Take a look. Walker definitely looks the part of Lincoln, especially when he gets the beard. I’m sure no one reading this blog was around during Lincoln’s time to say whether or not he does a good impersonation of him, but from what I know he seems to have a good hold on the man. This is especially obvious when he is giving speeches, particularly the Gettysburg Address.
What didn’t work?
Silver. This is the second vampire flick I’ve seen, this week, as a matter of fact, where vampires are vulnerable to silver. Correct me if I’m wrong, but I could have sworn that silver only affected werewolves. I liked how they hearkened this back to Judas and his silver pieces, but I just think they could have gone with something else. Then again, I guess it wouldn’t have worked having a garlic axe, huh?
Pacing. The first half of the film is like a roller coaster. It starts, takes off, and has its ups and downs. The second half, though, is more inconsistent. It doesn’t really seem to be going anywhere until it finally gets there. I wish it was better planned out, but at the same time, it isn’t so horrible that you can’t get over it.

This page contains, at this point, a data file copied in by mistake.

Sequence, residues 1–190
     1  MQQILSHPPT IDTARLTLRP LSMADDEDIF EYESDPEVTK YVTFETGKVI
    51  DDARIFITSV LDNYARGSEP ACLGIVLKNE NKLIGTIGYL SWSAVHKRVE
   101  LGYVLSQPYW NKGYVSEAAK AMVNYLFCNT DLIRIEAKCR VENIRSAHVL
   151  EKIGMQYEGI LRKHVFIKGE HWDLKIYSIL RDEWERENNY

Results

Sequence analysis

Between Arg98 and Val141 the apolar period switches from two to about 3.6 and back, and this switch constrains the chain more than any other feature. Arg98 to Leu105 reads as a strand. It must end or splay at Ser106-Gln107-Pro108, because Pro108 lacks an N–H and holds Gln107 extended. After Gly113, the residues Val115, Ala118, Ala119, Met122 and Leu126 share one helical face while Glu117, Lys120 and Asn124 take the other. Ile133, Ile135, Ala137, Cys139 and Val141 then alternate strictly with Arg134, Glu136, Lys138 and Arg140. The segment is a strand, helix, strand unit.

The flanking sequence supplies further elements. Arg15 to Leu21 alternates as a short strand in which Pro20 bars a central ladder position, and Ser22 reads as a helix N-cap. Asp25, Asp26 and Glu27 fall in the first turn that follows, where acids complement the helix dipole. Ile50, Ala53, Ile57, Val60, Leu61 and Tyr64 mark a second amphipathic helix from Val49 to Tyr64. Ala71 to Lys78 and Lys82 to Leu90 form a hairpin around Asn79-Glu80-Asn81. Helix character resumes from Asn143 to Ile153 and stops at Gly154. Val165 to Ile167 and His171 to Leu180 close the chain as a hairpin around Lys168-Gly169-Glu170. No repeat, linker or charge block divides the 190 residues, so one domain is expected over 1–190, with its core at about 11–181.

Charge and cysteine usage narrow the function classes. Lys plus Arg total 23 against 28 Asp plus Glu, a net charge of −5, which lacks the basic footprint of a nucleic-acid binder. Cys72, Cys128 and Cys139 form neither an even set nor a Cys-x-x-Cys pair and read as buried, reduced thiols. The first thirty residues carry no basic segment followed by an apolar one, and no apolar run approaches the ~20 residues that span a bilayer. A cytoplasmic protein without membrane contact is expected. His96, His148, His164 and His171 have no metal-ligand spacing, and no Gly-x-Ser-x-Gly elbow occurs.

Why? There has to always be that one character who seems to be the guy that is jealous of everything. Usually, though, there is some development to these characters which allows the audience to make sense of why they do what they do. That isn’t the case here, though, as Joshua Speed randomly betrays Lincoln because he “knows it is right.” What kind of sniveling coward saying is that?!? If you’re gonna betray your old friend, then have the balls to do it!
Time waits for no one. I’ve just about had it with this bullet time stuff. It was cool when we first saw it 15 or so years ago, but now filmmakers are just using it because they can. Think back to this year’s The Three Musketeers. They really used it quite liberally, and not necessarily in a good way. Here it happens in every action scene. I don’t think there is a time where Abe is swinging his axe, except for the first few swings at the tree, that isn’t slowed down. If filmmakers are going to continue to use this technique, then they really need to learn some restraint. It almost ruined this film for me, and I’m sure that there are others who weren’t exactly a fan, either.